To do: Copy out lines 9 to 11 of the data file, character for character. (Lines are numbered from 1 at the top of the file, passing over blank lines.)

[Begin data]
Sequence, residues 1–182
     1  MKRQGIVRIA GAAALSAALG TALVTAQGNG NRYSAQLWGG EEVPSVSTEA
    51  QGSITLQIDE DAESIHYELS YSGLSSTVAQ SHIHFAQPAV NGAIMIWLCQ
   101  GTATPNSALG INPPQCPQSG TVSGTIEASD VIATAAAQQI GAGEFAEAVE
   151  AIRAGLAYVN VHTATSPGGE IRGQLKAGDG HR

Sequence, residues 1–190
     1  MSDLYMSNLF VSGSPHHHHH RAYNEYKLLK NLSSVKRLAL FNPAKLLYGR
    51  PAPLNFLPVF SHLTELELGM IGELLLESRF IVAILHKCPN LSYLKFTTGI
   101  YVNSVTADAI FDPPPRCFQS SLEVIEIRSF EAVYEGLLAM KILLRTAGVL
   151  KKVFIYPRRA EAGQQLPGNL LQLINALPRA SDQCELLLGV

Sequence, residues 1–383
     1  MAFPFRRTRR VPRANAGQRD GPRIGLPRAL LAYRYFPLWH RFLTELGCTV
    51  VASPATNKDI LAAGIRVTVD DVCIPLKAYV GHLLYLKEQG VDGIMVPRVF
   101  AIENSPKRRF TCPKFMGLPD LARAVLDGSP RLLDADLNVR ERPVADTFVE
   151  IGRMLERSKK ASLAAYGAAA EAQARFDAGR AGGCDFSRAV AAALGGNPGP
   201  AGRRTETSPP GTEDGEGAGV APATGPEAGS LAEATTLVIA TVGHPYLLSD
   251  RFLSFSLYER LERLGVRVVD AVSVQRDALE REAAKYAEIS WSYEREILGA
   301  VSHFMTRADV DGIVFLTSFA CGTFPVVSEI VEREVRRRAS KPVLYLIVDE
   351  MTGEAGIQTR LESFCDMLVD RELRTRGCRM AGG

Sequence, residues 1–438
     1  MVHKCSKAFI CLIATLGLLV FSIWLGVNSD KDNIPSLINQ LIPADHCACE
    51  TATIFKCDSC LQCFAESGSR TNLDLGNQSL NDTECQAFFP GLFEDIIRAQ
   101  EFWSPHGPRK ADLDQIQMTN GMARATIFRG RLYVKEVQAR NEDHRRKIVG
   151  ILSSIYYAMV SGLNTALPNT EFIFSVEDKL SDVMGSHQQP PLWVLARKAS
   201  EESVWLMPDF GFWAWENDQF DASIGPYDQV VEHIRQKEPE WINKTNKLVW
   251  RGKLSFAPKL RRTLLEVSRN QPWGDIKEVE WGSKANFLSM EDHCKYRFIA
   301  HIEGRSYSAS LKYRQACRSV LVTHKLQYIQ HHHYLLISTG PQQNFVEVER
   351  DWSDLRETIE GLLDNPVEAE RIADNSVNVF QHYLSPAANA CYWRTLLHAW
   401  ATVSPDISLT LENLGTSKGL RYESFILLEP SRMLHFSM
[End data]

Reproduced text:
   101  YVNSVTADAI FDPPPRCFQS SLEVIEIRSF EAVYEGLLAM KILLRTAGVL
   151  KKVFIYPRRA EAGQQLPGNL LQLINALPRA SDQCELLLGV

Sequence, residues 1–383